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Twitter campaigns can be loud but must be clear

Over the last couple of months, the use of Twitter has provided the landscape for a wave of innovative marketing campaigns and the retail sector has been no exception. However as with all innovations, problems have arisen. By Gavin Matthews, head of retail at Bond Pearce.

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Twitter campaigns can be loud but must be clear

Over the last couple of months, the use of Twitter has provided the landscape for a wave of innovative marketing campaigns and the retail sector has been no exception. However as with all innovations, problems have arisen. By Gavin Matthews, head of retail at Bond Pearce.

The Advertising Standards Authority (ASA) has recently adjudicated on two cases involving Twitter, specifically in relation to rules around the recognition of marketing communications, which state that they must be "obviously identifiable as such".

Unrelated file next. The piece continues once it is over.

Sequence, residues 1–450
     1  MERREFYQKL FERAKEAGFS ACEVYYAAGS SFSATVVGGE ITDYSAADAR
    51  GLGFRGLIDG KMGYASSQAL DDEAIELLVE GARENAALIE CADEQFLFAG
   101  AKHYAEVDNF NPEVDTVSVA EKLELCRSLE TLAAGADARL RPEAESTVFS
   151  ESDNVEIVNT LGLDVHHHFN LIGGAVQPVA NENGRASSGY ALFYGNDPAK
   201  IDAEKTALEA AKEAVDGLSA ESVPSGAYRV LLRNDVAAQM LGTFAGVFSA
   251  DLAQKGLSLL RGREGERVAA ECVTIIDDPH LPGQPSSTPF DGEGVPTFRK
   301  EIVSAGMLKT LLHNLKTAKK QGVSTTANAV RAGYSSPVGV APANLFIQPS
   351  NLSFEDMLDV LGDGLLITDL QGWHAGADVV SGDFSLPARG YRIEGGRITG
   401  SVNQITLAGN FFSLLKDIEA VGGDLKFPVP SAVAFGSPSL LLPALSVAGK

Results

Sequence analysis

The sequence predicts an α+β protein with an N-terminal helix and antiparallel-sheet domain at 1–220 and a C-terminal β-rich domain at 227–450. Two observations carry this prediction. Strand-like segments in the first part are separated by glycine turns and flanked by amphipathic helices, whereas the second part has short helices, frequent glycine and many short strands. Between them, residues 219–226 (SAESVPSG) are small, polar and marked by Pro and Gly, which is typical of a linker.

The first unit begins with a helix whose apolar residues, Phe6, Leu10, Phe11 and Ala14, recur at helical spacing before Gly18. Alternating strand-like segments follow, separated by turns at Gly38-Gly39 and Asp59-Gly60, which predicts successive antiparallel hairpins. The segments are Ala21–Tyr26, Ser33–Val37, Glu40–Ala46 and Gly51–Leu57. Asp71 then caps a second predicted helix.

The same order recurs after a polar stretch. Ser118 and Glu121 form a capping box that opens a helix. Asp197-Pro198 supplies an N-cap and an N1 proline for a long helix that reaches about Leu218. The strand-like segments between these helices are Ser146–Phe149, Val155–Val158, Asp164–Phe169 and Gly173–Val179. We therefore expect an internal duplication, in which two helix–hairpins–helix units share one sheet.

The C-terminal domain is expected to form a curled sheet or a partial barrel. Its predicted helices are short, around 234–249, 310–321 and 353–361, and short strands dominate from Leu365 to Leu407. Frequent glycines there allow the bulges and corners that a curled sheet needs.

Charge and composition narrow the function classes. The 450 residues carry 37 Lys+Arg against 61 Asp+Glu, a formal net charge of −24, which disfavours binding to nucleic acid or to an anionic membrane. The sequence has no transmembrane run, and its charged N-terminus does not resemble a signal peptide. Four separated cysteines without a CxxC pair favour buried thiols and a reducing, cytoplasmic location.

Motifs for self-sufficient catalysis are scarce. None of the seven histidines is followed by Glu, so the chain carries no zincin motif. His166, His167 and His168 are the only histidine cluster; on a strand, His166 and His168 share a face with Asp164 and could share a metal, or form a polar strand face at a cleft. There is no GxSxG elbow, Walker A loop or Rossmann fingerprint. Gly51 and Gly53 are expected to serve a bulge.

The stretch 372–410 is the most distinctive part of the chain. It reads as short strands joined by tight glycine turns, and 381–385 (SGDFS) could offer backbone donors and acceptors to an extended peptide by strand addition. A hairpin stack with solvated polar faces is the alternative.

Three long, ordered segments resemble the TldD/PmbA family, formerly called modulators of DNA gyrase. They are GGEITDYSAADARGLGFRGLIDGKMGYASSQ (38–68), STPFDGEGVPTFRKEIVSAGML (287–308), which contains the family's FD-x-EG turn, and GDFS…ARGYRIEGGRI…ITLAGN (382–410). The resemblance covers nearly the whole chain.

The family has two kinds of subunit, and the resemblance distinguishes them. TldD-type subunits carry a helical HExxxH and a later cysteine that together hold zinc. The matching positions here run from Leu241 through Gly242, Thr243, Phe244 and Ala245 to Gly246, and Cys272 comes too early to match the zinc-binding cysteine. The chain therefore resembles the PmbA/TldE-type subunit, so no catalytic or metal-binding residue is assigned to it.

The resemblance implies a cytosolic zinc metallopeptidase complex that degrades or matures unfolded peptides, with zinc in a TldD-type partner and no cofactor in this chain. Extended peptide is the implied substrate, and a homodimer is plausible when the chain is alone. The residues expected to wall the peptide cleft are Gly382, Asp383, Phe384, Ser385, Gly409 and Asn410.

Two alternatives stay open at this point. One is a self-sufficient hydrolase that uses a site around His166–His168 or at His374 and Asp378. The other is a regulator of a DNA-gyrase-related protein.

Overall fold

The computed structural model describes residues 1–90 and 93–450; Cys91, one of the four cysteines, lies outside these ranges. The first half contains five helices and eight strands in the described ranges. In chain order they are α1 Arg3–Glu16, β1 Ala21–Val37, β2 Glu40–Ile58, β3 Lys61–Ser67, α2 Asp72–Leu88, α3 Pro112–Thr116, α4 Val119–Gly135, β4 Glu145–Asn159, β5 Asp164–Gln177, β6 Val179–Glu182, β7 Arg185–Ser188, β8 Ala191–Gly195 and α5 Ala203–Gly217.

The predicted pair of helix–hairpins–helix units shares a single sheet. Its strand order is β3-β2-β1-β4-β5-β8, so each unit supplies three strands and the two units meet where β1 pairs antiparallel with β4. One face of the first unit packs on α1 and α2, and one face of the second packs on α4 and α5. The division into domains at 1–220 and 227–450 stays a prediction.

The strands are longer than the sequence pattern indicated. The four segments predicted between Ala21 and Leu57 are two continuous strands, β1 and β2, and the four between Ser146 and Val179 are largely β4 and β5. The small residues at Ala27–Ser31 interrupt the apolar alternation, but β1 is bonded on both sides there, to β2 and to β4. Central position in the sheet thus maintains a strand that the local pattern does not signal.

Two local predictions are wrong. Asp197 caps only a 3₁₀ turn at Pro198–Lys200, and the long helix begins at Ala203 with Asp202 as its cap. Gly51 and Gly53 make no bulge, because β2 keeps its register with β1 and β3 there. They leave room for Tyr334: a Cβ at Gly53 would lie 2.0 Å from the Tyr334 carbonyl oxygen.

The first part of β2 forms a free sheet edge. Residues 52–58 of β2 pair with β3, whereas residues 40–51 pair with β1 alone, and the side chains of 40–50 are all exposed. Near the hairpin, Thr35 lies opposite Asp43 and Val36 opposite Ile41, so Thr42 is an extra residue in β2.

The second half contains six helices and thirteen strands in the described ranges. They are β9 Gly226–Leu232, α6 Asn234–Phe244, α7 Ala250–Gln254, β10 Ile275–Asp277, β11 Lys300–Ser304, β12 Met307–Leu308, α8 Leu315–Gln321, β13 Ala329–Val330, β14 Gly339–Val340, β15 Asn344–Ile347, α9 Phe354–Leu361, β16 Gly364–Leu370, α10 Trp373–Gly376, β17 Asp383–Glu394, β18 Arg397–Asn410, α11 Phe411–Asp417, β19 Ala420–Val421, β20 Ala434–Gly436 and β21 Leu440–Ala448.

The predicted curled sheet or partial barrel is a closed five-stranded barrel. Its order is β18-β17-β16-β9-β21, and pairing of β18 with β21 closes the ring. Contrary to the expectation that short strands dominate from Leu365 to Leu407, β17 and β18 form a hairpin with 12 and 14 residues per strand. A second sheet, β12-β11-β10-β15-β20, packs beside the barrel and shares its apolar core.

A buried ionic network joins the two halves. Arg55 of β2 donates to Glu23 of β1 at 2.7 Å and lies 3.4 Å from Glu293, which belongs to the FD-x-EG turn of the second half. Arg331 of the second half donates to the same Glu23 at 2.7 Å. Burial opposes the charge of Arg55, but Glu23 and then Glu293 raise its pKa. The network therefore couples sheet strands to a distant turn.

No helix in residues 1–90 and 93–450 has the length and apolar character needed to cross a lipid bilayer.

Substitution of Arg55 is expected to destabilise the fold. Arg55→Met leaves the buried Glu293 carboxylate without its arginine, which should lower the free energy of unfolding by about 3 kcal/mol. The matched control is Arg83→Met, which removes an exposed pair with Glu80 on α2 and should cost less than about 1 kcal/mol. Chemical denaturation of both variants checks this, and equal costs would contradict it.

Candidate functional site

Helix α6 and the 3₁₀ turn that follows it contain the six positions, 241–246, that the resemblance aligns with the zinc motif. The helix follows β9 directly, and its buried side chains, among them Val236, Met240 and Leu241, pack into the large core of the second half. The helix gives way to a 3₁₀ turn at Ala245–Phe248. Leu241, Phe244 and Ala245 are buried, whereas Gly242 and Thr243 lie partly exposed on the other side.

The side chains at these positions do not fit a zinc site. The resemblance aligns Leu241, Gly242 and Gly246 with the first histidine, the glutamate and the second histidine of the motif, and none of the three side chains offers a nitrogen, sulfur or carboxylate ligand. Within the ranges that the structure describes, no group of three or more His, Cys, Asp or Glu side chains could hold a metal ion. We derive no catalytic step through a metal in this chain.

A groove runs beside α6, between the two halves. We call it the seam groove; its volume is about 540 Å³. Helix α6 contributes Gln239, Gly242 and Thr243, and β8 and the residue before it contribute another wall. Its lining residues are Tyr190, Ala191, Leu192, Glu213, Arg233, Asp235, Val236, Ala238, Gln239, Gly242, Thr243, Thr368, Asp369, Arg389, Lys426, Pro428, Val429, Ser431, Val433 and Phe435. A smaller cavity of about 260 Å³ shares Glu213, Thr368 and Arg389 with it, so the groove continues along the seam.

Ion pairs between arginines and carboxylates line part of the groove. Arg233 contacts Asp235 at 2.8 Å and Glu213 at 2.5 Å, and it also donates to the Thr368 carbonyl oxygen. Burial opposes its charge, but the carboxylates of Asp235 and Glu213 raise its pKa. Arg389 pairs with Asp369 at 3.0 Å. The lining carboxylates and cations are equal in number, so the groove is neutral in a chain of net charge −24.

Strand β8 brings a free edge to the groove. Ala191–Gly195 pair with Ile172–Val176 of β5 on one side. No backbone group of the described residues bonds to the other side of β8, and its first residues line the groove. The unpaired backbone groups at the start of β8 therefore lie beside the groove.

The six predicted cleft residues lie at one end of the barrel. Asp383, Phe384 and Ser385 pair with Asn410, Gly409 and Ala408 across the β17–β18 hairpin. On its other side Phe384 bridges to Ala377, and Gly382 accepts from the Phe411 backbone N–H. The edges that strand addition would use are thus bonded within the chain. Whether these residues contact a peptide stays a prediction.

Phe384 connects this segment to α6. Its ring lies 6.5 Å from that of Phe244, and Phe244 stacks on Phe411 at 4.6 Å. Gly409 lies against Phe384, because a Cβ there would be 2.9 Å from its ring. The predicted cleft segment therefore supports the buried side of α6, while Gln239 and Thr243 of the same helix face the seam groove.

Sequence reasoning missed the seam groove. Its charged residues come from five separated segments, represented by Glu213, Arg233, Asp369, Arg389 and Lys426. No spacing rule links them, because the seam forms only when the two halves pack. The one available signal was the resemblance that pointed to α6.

In March, the ASA looked at a series of tweets by Katie Price and Rio Ferdinand promoting Snickers chocolate bars.  The tweets, which were out of character to their usual tweets and public personas, ended with a tagline "You're not you when you're hungry @snickersUk#hungry#spon" and were accompanied by a photo of each of them holding a Snickers bar. The ASA held that there was no breach of the rules, as the combination of the tweets and the use of "@snickersUK" and "#spon", made the tweets obviously identifiable as marketing communications.

Whilst the ASA does not set precedents, it appears that it has drawn a line in the sand with regard to recognition of tweets as advertisements. This is highlighted by the adjudication this month against Nike regarding tweets by footballers Wayne Rooney and Jack Wilshere. The tweets stated "My resolution - to start the year as a champion, and finish it as a champion…" and included the hashtag "#makeitcount" and the URL gonike.me/Makeitcount".

The ASA held that the tweets were not "obviously identifiable" as marketing communications and were therefore in breach of the rules: "the Nike reference was not prominent and could be missed, consumers would not have already been aware of Nike's "#makeitcount" campaign and not all Twitter users would be aware of the footballers' and their teams' sponsorship deals with Nike".
 
These two cases highlight the small variances that make a big difference to whether a Tweet falls foul of the regulations. To stay on the safe side, any retailers considering these kinds of marketing campaigns should ensure that the hashtags "#spon" or "#ad" are included on Tweets so as to avoid potential action.


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